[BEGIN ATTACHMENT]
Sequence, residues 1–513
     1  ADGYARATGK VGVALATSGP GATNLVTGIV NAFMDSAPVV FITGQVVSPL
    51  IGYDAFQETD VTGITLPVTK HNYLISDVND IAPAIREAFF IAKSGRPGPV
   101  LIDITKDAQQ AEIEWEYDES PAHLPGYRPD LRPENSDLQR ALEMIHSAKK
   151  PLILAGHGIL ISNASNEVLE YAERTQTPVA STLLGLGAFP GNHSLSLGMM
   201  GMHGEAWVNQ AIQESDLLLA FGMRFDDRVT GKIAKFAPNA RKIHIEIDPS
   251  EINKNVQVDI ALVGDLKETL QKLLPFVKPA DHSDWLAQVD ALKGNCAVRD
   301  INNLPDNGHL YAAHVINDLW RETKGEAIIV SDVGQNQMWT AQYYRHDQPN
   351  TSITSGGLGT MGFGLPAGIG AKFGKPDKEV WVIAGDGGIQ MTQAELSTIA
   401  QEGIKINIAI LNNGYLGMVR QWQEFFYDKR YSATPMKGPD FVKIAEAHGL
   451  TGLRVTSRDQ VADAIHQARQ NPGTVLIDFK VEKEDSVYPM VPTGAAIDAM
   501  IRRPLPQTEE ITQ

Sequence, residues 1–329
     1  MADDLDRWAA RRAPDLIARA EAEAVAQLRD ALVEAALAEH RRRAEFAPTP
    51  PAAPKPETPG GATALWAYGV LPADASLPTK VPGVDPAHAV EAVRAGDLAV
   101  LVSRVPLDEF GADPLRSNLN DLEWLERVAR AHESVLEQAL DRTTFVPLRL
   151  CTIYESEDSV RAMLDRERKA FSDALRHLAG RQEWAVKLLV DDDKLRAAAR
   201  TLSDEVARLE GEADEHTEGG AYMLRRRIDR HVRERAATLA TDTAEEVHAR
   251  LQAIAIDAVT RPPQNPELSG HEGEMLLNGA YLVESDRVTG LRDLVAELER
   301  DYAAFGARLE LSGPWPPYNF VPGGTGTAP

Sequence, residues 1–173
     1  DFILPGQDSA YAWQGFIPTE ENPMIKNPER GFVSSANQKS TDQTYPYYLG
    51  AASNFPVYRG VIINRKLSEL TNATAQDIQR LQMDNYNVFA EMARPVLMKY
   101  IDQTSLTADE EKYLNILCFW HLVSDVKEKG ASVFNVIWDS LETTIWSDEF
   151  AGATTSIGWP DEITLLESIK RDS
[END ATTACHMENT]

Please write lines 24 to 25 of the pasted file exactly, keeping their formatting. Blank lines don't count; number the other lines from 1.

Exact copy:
   101  IDQTSLTADE EKYLNILCFW HLVSDVKEKG ASVFNVIWDS LETTIWSDEF
   151  AGATTSIGWP DEITLLESIK RDS